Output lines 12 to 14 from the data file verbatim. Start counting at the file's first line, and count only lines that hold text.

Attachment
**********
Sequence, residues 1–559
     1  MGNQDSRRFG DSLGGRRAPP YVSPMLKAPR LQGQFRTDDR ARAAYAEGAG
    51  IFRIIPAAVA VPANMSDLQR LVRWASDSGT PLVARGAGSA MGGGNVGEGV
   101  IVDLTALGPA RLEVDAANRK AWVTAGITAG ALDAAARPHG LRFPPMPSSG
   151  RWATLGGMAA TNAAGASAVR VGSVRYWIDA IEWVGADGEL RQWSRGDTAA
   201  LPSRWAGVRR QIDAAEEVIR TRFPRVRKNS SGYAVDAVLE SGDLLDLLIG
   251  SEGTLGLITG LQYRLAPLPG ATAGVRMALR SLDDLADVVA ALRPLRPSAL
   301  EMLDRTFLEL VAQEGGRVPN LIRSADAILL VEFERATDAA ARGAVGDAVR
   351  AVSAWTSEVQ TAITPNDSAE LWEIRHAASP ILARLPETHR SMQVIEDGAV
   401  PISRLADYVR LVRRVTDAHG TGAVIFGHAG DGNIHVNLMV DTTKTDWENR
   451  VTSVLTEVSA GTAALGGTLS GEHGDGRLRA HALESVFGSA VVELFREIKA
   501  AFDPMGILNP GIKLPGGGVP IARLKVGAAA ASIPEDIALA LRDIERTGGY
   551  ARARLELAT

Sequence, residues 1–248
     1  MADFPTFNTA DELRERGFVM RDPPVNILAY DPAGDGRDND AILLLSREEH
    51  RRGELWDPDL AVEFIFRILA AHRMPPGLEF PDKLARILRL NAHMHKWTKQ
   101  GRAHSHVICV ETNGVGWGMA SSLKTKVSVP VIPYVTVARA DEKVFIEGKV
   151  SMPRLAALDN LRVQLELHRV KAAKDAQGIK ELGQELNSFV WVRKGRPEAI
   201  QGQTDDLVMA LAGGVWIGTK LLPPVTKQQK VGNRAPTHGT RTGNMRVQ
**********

   501  AFDPMGILNP GIKLPGGGVP IARLKVGAAA ASIPEDIALA LRDIERTGGY
   551  ARARLELAT

Sequence, residues 1–248